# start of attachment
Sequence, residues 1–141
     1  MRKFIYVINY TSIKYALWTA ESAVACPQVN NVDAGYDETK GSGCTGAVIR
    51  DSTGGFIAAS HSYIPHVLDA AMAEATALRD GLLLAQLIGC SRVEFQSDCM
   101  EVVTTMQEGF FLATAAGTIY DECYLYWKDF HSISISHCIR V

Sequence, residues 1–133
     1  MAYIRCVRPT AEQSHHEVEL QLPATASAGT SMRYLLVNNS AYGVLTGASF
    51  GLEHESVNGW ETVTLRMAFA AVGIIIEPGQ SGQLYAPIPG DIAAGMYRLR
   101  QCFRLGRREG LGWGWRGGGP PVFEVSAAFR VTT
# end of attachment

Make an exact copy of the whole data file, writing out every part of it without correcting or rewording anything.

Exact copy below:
Sequence, residues 1–141
     1  MRKFIYVINY TSIKYALWTA ESAVACPQVN NVDAGYDETK GSGCTGAVIR
    51  DSTGGFIAAS HSYIPHVLDA AMAEATALRD GLLLAQLIGC SRVEFQSDCM
   101  EVVTTMQEGF FLATAAGTIY DECYLYWKDF HSISISHCIR V

Sequence, residues 1–133
     1  MAYIRCVRPT AEQSHHEVEL QLPATASAGT SMRYLLVNNS AYGVLTGASF
    51  GLEHESVNGW ETVTLRMAFA AVGIIIEPGQ SGQLYAPIPG DIAAGMYRLR
   101  QCFRLGRREG LGWGWRGGGP PVFEVSAAFR VTT